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To Stent or Not to Stent?

November 6, 2013
To Stent or Not to Stent?

By Anish Vani

Faculty Peer Reviewed

According to the 2010 Heart Disease and Stroke Statistics update of the American Heart Association, there are 17.6 million Americans living with coronary heart disease (CHD) . Fortunately, mortality from heart disease is on the decline in the United States and in countries with advanced health care, likely due to better management of acute coronary syndrome (ACS) and a reduction in lifestyle risk factors such as smoking. However, for the millions of Americans with stable ischemic heart disease (SIHD),…

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Can we teach the immune system to fight cancer?

November 1, 2013
Can we teach the immune system to fight cancer?

By Jenny Gartshteyn

Faculty Peer Reviewed

Since the start of vaccination – we’ve eradicated smallpox and polio, saved college kids from meningitis, averted flu epidemics, and decreased the incidence of HPV-related cervical cancer … but can we teach our immune systems to actively fight existing cancer?

Here’s the mechanism for an ideal anti-cancer vaccine:

With the growth and turnover of cancerous cells, cancer-specific tumor-associated antigens (TAAs) would be recognized and processed by professional antigen-presenting cells (APCs), such as dendritic cells and macrophages – which would…

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From The Archives: Creatine Kinase: How Much is Too Much?

October 24, 2013
From The Archives: Creatine Kinase: How Much is Too Much?

Please enjoy this post from the archives dated November 3, 2010

By Jon-Emile Kenny, MD

Faculty Peer Reviewed

A 37-year-old man, with no past medical history and taking finasteride for male pattern baldness, is admitted to Medicine with profound lower extremity weakness after a weekend of performing multiple quadriceps exercises. His measured creatine phosphokinase (CPK) is over 35,000 IU/liter. I wonder to myself, what is the risk to his kidneys and can I mitigate the damage?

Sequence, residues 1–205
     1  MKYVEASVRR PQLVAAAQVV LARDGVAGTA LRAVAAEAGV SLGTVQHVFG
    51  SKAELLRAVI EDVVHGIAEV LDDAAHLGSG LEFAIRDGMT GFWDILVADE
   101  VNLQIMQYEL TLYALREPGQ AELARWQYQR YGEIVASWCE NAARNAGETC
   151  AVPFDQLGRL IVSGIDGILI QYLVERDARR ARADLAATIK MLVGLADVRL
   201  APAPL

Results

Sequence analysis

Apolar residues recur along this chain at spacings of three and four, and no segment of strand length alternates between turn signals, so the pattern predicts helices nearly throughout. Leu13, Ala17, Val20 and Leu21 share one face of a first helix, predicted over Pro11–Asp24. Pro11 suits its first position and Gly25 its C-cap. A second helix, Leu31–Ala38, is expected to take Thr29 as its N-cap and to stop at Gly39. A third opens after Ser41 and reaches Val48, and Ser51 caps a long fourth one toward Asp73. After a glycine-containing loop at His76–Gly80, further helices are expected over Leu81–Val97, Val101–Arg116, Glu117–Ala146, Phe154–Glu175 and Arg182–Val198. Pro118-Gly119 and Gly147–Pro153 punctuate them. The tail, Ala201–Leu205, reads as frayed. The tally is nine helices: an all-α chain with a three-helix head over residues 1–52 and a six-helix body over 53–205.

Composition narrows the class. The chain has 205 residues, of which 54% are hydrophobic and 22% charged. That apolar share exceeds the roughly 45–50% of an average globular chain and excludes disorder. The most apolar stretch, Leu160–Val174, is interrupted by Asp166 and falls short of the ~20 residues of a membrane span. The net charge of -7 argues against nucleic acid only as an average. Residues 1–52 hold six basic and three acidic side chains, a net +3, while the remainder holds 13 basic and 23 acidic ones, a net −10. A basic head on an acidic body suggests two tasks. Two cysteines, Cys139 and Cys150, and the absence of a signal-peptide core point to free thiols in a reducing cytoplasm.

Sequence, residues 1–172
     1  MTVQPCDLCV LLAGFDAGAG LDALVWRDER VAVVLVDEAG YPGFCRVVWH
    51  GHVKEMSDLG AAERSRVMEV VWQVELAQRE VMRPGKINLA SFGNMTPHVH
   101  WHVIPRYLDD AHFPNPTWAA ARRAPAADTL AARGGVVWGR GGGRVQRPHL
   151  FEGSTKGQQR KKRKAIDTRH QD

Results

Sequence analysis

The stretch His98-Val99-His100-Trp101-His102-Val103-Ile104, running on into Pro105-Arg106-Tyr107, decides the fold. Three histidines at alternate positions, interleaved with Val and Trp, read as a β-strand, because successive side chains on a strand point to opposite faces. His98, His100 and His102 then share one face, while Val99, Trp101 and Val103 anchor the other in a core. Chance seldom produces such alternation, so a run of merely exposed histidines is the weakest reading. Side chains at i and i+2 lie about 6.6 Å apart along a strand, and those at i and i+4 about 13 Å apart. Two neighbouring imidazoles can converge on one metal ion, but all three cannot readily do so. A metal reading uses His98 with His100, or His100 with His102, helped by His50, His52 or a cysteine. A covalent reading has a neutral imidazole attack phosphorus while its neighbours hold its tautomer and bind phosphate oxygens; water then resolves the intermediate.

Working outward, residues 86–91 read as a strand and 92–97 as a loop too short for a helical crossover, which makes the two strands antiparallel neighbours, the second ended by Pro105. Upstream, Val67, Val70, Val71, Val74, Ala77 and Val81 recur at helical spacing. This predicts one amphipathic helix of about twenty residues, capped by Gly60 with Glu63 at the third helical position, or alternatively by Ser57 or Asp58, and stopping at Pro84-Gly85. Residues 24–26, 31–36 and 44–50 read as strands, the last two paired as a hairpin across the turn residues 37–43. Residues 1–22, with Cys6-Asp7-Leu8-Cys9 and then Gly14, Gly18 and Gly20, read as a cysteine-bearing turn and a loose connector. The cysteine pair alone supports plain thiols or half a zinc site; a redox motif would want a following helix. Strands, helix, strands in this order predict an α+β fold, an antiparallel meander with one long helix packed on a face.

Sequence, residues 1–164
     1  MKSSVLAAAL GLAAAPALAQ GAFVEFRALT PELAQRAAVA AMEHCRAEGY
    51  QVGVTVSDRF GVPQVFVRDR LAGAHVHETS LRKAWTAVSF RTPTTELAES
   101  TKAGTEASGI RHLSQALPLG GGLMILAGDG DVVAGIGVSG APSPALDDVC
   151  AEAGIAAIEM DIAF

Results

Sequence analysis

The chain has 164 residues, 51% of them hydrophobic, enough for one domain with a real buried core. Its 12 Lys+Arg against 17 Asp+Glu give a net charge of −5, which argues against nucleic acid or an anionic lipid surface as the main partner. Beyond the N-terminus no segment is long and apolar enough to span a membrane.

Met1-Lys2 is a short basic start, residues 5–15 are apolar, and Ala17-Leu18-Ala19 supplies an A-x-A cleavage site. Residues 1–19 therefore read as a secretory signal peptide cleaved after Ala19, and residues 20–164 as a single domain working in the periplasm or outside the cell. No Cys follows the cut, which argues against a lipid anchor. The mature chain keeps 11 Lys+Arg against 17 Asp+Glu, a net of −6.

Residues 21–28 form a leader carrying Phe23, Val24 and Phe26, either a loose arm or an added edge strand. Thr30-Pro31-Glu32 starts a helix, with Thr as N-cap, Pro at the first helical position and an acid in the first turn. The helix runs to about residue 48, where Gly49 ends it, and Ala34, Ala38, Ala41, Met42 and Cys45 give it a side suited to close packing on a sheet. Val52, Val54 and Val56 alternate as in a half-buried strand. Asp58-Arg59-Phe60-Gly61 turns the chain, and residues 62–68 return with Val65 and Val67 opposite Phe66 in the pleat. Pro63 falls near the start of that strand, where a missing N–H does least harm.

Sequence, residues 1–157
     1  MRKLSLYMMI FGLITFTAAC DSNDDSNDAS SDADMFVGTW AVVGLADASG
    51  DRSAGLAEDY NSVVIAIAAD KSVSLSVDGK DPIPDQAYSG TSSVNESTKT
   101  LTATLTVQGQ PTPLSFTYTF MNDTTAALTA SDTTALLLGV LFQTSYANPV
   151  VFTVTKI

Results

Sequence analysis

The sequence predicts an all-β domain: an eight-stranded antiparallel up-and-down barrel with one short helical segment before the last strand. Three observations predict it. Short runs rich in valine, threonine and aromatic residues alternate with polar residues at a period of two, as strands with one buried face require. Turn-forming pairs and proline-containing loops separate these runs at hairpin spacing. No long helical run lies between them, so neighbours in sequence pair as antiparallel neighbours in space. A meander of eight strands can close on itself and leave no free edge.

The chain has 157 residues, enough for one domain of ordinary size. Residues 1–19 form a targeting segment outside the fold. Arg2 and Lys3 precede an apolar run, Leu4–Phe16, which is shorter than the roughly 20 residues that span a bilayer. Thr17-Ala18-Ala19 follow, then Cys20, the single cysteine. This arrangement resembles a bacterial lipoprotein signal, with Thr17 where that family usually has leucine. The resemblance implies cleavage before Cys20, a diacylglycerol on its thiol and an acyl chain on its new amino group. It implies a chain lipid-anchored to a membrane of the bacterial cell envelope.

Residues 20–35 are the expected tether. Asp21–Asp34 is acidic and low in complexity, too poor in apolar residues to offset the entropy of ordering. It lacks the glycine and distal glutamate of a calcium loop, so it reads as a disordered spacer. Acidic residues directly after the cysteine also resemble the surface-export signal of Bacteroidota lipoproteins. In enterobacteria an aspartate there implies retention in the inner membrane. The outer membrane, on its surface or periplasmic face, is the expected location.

Rhabdomyolysis means destruction of striated muscle. Physical manifestations range from…

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Generation A(dderall)

October 17, 2013
Generation A(dderall)

By Michael Weinstock

Faculty Peer Reviewed

Neurocognitive enhancement with mixed amphetamine salts (MAS) has grown commonplace in academic settings. Over 34% of college students at a large public university reported using MAS as a study aid at least once in their life . Other researchers have found prevalence rates ranging from 13.7% lifetime use at another large public university to 55% lifetime use among fraternity members at a large public university . Abuse and misuse of stimulants does not stop after four years of college,…

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Is there a Non-Invasive Method to Diagnose Cirrhosis/Hepatic Fibrosis?

October 11, 2013
Is there a Non-Invasive Method to Diagnose Cirrhosis/Hepatic Fibrosis?

By Becky Naoulou, MD

Faculty Peer Reviewed

Clinical Question:

You are asked to see a 45 year-old male with a medical history significant for untreated hepatitis C (HCV RNA 5,000,000 copies/mL, genotype 1a). He presents complaining of worsening fatigue and weakness for several months. Labs are remarkable for mildly elevated transaminases, low albumin, and an elevated INR. The patient is very worried because he has heard that hepatitis C can cause liver cancer and asks you if there is a non-invasive screening test for liver…

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Barriers to Translating Evidence into Clinical Care: the Zoster Vaccine

October 10, 2013
Barriers to Translating Evidence into Clinical Care: the Zoster Vaccine

By Zachary Elkin

Faculty Peer Reviewed

There are more than a million cases of herpes zoster (HZ) in the US annually . The incidence of HZ, or shingles, has been rising in the US since the 1990s . One third of all people in the US will get HZ, with the highest incidence in people aged 50 to 79 . As a result of the Shingles Prevention Study (SPS), the U.S. Food and Drug Administration (FDA) and Advisory Committee on Immunization Practices (ACIP) approved the…